Water, wood, and wild things : learning craft and cultivation in a Japanese mountain town / Hannah Kirshner.
- 0 of 1 copy available at Evergreen Indiana.
0 current holds with 1 total copy.
|Location||Call Number / Copy Notes||Barcode||Shelving Location||Status||Due Date|
|Morgan Co PL - Waverly Branch||394.12 KIR (Text)||78551000550586||Non-Fiction||Checked out||04/23/2021|
- ISBN: 9781984877529
- ISBN: 1984877526
- Physical Description: 358 pages : illustrations ; 22 cm.
- Publisher: [New York] : Viking, 
|Bibliography, etc. Note:||
Includes bibliographical references.
|Formatted Contents Note:||
A sak©♭ evangelist -- The tea path -- Chrysanthemum water -- Sak©♭ goddess -- Wood and whisky -- The lacquer tree -- A forest hearth -- Lost and found -- Samurai at the duck pond -- On paper -- Year of the boars -- Mountain meijin -- Eighty-eight troubles -- Totoro's garden -- Koi Koi Matsuri.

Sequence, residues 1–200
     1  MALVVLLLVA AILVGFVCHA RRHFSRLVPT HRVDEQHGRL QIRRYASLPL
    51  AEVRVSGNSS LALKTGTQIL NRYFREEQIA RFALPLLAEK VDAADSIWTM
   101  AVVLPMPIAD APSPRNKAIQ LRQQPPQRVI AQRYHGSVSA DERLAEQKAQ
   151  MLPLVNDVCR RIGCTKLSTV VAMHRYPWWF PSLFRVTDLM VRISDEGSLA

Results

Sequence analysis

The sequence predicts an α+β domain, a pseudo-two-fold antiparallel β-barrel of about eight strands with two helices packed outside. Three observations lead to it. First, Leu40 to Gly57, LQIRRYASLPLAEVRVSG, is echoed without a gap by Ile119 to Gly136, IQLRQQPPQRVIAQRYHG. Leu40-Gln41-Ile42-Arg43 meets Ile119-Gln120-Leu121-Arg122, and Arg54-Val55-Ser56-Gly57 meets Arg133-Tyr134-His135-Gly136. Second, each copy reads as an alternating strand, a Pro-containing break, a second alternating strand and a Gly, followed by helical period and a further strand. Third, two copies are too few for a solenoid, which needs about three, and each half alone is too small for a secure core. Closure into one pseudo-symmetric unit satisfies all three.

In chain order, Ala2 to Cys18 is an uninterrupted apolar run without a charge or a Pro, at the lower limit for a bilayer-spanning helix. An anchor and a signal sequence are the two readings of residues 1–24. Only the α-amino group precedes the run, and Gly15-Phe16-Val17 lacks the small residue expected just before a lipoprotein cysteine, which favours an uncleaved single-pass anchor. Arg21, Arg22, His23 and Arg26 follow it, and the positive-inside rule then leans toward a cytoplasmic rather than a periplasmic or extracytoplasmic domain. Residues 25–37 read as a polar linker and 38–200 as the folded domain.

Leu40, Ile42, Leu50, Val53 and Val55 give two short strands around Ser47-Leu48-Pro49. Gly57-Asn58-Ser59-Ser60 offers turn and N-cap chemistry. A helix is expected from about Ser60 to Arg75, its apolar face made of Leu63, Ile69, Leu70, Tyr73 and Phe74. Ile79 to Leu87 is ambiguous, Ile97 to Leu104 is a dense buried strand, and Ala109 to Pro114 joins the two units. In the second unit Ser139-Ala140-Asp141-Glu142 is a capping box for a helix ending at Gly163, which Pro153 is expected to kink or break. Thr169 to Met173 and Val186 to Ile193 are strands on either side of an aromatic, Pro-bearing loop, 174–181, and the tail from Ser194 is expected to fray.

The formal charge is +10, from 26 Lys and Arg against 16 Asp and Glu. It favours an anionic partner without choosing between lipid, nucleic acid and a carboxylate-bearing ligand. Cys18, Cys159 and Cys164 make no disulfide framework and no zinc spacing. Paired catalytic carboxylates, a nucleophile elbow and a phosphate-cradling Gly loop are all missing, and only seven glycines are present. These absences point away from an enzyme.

"An immersive journey through the culture and cuisine of one Japanese town, its forest, and its watershed--where ducks are hunted by net, sak©♭ is brewed from the purest mountain water, and charcoal is fired in stone kilns--by an American writer and food stylist who spent years working alongside artisans. One night, Brooklyn-based artist and food writer Hannah Kirshner received a life-changing invitation to apprentice with a "sak©♭ evangelist" in a misty Japanese mountain village called Yamanaka. In a rapidly modernizing Japan, the region--a stronghold of the country's old-fashioned ways--was quickly becoming a destination for chefs and artisans looking to learn about the traditions that have long shaped Japanese culture. Kirshner put on a vest and tie and took her place behind the sak©♭ bar. Before long, she met a community of craftspeople, farmers, and foragers--master woodturners, hunters, a paper artist, and a man making charcoal in his nearly abandoned village on the outskirts of town. Kirshner found each craftsperson not only exhibited an extraordinary dedication to their work but their distinct expertise contributed to the fabric of the local culture. Inspired by these masters, she devoted herself to learning how they work and live. Taking readers deep into evergreen forests, terraced rice fields, and smoke-filled workshops, Kirshner captures the centuries-old traditions still alive in Yamanaka. Organized into four parts--water, wood, wild things, and cultivation--Foreign Woman Works in Sake Bar invites readers to see what goes into making a fine bowl, a cup of tea, or a harvest of rice and introduces the masters who dedicate their lives to this work. Part travelogue, part meditation on the meaning of work, and full of her own beautiful drawings and recipes, Kirshner's refreshing book is an ode to a place and its people, as well as a profound examination of what it means to sustain traditions and find purpose in cultivation and craft"--Provided by publisher.
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